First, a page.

My Quick Guide to a Less Risky Dropbox

While there are definitely many security-related holes and privacy concerns to be had about the free (but not open-source) Dropbox file sharing service, it has taken the world by storm, including many activist and human rights groups, mostly due to the simplicity and effectiveness of its user experience. As we have seen many times before, software and services that “just work”, will always win out over more secure options with the majority of the population. This post is a quick attempt to share some simple steps you can take to ensure your use of Dropbox, or any similar cloud-based file storage and sharing system, is more properly protected, obscured or otherwise mitigated as a direct threat to the security of your information.

1. Use Dropbox over Tor to stop local network monitors from knowing you are using Dropbox to begin with. This also is a good configuration to use with people who live in places where Dropbox might be blocked, but Tor is not.

Install Tor and use Vidalia (the GUI controller) to connect to the Tor network.

Set Dropbox->Preferences->Network->Proxy Settings to use Tor’s secure SOCKS proxy on localhost, port 9050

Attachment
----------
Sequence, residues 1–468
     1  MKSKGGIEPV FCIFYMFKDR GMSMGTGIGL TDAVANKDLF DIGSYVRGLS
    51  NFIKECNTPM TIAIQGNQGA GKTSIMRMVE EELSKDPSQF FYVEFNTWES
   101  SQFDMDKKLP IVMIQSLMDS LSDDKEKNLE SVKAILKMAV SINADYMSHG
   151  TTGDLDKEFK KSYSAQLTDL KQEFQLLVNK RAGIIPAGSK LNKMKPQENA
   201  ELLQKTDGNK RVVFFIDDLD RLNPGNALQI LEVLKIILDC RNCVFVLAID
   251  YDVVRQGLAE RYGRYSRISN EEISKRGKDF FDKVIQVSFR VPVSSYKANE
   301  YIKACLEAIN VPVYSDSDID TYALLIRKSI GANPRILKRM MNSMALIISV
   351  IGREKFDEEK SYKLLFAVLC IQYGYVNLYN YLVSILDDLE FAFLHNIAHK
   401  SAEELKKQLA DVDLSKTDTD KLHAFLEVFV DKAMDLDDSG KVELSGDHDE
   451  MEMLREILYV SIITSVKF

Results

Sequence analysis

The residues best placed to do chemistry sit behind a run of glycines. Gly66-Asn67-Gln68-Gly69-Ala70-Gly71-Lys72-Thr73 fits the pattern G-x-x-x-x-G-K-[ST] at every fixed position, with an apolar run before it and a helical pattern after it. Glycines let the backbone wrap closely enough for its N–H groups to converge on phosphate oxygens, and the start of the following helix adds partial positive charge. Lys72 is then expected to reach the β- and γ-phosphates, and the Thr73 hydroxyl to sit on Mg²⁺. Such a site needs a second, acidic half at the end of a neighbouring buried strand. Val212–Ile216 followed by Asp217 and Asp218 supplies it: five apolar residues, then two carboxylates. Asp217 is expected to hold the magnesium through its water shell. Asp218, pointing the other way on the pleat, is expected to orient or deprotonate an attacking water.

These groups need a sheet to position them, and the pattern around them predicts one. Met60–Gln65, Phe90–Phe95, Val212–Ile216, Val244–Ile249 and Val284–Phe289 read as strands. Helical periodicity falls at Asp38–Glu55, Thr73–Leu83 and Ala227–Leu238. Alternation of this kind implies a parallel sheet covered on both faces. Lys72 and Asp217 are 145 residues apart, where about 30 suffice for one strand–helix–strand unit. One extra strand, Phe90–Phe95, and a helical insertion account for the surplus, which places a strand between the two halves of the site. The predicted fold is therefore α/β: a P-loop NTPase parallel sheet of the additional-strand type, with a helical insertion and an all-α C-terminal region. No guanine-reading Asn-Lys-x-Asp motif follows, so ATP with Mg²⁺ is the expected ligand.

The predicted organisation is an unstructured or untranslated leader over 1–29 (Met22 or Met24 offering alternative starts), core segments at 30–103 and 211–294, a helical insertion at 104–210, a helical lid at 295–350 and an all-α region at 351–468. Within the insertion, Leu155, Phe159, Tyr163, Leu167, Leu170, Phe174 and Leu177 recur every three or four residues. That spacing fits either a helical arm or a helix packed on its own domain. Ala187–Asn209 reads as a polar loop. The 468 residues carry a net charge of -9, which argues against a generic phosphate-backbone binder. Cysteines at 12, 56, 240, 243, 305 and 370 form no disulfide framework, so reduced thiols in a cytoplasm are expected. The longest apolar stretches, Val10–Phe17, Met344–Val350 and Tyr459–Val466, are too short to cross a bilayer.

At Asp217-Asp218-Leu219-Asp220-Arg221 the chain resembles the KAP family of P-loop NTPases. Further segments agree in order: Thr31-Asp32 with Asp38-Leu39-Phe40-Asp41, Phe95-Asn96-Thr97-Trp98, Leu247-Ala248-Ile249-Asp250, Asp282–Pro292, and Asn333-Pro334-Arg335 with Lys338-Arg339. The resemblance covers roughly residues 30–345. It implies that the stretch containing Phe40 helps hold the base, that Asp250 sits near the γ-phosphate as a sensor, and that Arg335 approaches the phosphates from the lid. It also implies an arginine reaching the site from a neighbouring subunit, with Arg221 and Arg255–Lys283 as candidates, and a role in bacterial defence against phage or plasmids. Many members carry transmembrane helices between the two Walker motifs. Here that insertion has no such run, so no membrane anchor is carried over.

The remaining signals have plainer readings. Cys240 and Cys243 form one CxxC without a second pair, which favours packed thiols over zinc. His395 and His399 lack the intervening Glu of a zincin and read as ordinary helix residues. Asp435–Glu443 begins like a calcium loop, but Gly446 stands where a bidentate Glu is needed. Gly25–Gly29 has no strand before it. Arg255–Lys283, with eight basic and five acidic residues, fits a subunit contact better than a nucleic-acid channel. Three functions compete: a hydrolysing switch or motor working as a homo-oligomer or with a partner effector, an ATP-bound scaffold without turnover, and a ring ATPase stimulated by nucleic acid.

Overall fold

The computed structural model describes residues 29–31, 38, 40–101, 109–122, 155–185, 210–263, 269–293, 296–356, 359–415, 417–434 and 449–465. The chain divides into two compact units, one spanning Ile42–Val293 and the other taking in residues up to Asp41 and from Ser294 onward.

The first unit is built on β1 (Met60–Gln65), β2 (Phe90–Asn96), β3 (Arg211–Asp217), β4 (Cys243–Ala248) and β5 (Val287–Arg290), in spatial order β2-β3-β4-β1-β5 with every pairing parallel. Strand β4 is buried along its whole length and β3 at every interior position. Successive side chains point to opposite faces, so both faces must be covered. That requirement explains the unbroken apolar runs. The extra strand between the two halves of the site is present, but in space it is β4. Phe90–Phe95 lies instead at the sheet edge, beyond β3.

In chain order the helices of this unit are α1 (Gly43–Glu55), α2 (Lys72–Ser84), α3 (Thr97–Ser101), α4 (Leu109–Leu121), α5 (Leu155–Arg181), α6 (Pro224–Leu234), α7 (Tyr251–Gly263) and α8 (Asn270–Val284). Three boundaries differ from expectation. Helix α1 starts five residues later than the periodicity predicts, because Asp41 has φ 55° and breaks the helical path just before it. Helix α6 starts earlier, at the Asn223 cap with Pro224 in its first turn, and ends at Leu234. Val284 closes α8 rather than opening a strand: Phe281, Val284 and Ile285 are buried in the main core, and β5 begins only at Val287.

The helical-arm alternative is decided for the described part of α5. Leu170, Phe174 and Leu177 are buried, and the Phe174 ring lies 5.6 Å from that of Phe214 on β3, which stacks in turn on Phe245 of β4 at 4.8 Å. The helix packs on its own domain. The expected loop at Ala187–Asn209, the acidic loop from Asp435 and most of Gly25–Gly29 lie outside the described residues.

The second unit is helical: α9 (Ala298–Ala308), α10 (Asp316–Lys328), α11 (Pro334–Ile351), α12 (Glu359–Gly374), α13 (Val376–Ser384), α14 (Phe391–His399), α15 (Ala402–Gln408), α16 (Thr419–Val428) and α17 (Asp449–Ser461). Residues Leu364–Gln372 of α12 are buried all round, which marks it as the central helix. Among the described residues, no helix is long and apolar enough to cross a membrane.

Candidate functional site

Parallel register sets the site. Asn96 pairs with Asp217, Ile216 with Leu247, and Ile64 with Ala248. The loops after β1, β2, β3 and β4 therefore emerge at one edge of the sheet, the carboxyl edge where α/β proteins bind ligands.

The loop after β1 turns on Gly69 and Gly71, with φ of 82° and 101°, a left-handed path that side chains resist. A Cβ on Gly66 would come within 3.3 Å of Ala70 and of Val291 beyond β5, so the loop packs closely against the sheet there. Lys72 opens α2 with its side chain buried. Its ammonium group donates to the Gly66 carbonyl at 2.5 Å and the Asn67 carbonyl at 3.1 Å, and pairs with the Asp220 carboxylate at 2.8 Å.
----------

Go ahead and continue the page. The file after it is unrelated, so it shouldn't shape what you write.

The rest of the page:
2. Set Bandwidth Usage to a low value to avoid creating large spikes in network traffic. This will reduce the likelihood your particular use will be singled out if you are syncing large media files or other transfers.

Set Dropbox->Preferences->Network->Bandwidth Usage to a low value such as 50KB/s for upload and download

3. Use Truecrypt to create encrypted disk volume files inside of Dropbox, and then store your files inside of that. This can still be shared by multiple users, if you use a password based volume.

Download, install and configure the free, open-source TrueCrypt software:

Create a new TrueCrypt volume, stored within a Dropbox folder

All in all, there are more secure ways to share sensitive information, such as using GPG file encryption or another OpenPGP solution, but if you absolutely must use Dropbox, and you are under any sort of threat at all to having the information you store on it used against you, then please follow this advice I have shared.

If you have additional tips, warnings or configurations along these lines, please add them to the comments below.